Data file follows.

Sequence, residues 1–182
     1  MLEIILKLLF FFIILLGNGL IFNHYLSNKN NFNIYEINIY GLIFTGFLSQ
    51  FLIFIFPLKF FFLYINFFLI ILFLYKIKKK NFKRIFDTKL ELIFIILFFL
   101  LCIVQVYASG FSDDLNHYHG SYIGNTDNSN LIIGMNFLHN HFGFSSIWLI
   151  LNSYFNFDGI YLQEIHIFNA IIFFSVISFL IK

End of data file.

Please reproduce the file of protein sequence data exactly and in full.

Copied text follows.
Sequence, residues 1–182
     1  MLEIILKLLF FFIILLGNGL IFNHYLSNKN NFNIYEINIY GLIFTGFLSQ
    51  FLIFIFPLKF FFLYINFFLI ILFLYKIKKK NFKRIFDTKL ELIFIILFFL
   101  LCIVQVYASG FSDDLNHYHG SYIGNTDNSN LIIGMNFLHN HFGFSSIWLI
   151  LNSYFNFDGI YLQEIHIFNA IIFFSVISFL IK